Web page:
Jadavpur University shows how to make a success of interdisciplinary studies

Managing 21 schools used to functioning independently can be an ordeal. Find out the strategies that JU is using to make it a cake-walk

Since 1987, Jadavpur University has created 21 schools of interdisciplinary studies including the Schools for Water Resources Engineering, Biomedical Science & Engineering, and Education Technology. The university set up these schools to develop in students what American development psychologist Howard Gardner calls a synthesising mind. Interdisciplinary studies can foster in students creativity, adaptability, critical reasoning, collaboration, etc.skills to negotiate todays complex, information-rich, dynamically-interconnected world. Through exposing students to two or more inter-related disciplines, they can better comprehend the complex interconnectedness playing out in real life. Also, they learn how best to negotiate and contribute to a vibrant global economy.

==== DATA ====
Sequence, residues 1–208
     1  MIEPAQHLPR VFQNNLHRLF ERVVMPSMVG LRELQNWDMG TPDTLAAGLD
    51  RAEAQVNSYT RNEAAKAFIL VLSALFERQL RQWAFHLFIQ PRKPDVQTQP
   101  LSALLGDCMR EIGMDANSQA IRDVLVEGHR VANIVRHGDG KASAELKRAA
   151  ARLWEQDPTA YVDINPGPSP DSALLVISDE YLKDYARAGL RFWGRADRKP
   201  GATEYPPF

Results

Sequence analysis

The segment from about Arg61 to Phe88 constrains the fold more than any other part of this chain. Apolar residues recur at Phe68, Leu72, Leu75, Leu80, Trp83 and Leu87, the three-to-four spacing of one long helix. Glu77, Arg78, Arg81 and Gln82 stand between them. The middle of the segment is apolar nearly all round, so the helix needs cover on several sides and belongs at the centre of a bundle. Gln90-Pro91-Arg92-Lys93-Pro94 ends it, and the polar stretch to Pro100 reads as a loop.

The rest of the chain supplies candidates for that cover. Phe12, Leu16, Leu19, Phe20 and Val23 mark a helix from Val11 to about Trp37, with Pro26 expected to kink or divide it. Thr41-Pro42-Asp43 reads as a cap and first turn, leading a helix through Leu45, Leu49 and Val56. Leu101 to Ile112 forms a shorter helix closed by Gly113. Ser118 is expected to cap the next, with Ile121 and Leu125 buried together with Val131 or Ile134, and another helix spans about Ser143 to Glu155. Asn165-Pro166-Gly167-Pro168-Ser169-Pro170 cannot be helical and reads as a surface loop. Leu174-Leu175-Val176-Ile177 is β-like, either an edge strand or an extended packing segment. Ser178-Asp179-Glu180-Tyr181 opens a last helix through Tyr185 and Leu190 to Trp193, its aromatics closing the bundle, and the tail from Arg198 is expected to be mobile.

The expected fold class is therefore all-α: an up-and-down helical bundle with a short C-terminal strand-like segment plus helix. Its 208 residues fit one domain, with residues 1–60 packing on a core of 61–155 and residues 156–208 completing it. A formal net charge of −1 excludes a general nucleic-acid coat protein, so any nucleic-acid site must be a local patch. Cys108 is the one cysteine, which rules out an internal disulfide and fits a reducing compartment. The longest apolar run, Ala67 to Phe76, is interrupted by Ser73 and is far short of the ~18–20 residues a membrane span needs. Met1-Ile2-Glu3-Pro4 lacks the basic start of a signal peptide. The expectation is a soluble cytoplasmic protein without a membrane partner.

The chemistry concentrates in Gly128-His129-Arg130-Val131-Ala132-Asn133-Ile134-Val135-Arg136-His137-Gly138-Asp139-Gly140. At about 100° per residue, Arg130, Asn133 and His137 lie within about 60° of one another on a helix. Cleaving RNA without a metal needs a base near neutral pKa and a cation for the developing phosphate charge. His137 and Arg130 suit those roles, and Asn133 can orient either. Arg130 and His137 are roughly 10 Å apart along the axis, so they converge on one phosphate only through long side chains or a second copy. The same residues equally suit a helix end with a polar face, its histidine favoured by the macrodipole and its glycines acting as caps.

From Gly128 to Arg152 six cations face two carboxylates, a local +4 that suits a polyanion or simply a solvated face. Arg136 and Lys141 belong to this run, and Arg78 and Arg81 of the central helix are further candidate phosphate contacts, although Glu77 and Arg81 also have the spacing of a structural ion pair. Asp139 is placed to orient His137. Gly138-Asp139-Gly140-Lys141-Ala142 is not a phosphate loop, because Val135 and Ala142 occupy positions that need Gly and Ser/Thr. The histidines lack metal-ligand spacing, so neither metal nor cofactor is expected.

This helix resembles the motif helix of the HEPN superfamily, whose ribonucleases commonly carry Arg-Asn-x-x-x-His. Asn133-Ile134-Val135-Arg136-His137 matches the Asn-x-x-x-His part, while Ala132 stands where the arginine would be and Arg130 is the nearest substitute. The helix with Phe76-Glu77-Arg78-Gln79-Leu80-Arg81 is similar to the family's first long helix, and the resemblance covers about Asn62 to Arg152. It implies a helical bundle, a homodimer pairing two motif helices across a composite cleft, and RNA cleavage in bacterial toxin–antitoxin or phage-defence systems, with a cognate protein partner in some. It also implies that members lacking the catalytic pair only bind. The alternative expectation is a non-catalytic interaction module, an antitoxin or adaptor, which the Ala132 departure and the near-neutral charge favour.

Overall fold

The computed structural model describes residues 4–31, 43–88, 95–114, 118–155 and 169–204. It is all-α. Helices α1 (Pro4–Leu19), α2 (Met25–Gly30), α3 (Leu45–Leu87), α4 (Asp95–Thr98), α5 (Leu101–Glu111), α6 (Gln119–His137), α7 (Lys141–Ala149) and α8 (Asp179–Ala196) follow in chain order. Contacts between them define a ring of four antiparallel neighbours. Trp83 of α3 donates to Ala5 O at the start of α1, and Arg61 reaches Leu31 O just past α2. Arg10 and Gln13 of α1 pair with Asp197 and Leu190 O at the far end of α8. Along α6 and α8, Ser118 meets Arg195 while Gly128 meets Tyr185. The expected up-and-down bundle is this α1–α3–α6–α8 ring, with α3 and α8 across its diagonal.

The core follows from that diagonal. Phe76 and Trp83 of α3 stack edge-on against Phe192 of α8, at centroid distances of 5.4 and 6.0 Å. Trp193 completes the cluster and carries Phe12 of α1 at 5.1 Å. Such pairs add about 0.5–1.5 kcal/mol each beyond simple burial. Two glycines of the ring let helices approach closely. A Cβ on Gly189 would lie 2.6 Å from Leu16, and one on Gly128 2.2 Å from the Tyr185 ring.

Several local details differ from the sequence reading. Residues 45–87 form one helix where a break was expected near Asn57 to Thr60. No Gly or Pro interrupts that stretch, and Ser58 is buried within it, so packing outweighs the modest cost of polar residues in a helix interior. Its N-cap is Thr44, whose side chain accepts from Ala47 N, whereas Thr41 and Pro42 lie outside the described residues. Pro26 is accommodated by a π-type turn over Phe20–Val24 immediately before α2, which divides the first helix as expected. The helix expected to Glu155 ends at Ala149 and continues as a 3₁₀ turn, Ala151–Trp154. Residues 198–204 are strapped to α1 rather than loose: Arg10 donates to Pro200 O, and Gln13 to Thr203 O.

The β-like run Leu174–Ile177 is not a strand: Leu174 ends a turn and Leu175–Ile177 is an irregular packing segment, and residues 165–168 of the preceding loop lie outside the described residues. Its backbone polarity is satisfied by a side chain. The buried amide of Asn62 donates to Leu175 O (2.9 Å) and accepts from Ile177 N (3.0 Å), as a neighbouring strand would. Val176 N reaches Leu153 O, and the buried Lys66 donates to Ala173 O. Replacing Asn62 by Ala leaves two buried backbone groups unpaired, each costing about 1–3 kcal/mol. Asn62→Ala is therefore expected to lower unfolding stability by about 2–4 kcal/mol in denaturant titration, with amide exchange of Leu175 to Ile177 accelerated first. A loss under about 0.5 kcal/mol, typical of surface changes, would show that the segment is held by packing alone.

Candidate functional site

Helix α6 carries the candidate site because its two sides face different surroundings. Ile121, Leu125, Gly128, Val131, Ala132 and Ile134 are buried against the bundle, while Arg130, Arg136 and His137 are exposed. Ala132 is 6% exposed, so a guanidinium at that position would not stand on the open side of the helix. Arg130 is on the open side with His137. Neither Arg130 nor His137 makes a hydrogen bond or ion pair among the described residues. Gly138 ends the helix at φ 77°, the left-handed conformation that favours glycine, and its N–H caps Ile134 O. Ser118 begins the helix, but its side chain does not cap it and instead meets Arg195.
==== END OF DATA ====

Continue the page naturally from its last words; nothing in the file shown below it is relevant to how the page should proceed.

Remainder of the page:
Professor Asis Mazumdar, Dean, Faculty of Interdisciplinary Studies, Law & Management, and Director, School of Water Resources Engineering, Jadavpur University, says such learning caters to the inquisitiveness of students of modern times. Interdisciplinary studies are important because various important problems, phenomena and concepts resist understanding or resolution when approached from single disciplines. Professor Mazumdar cites climate change and world poverty as clear examples. But equally, a full understanding of identity, public health, human rights, or knowledge can only be constructed by applying multiple perspectives and ways of thinking. Interdisciplinary education is essential to develop research trajectories that do not conform to standard disciplinary path, he says.